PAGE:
How this plays out in terms of the gender pay gap can vary from occupation to occupation. In occupations where women are a large majority, the difference between male and female earnings can be quite low, simply because everyone, male and female, gets paid a lower wage. However, there are a number of occupations where women are in the majority, the gender gap is limited and the pay is relatively higher, such as in business professional occupations and in the health care.
On the other hand, there are a number of occupations with a majority of male workers where the gap between males and females is also not great – it appears that females in those occupations benefit from the higher wage set by the male majority. But there are some stereotypically male occupations in this category where women certainly do earn considerably less, such as bricklayers, upholsterers, and funeral directors.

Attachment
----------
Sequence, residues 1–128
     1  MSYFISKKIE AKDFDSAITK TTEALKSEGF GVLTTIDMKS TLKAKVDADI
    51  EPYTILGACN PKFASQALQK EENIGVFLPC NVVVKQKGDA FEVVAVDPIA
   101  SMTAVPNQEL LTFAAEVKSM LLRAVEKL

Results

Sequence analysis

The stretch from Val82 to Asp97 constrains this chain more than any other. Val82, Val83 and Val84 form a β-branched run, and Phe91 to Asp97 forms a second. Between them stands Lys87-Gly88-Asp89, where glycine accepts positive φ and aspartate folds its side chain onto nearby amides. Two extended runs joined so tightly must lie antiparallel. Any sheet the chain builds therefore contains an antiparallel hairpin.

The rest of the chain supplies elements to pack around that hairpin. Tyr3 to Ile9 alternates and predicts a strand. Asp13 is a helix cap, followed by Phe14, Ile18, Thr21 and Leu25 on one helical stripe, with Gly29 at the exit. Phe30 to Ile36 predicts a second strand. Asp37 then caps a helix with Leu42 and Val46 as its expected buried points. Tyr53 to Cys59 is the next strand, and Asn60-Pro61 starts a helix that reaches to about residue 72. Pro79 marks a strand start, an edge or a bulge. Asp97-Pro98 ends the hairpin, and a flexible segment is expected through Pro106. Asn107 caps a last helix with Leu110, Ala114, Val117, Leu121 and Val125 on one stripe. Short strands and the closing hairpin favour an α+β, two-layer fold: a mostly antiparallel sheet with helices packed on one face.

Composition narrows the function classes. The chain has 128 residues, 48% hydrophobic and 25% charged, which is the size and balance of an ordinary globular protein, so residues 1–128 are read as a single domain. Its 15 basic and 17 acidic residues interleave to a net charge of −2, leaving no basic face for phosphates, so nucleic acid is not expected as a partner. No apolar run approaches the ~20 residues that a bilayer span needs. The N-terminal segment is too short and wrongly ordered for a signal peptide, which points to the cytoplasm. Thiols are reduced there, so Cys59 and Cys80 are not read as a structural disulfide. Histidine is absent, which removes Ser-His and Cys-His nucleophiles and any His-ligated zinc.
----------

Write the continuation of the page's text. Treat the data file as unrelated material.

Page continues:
In the case of the retail salespersons, the explanation is as follows: in the retail trade, different sub-sectors are more dominated by males or by females. For example, motor vehicle and parts dealers, or electronics and appliances stores, tend to be male-dominated sectors, while food and beverage stores tend to be staffed more by females.
Consider the breakdown of occupations by gender, as well as the average salary, for each of these subsectors:
Table 1: Percentage of females in select occupations in select retail trade subsectors, and average employment incomes for males and females in select retail trade subsectors, Ontario, 2010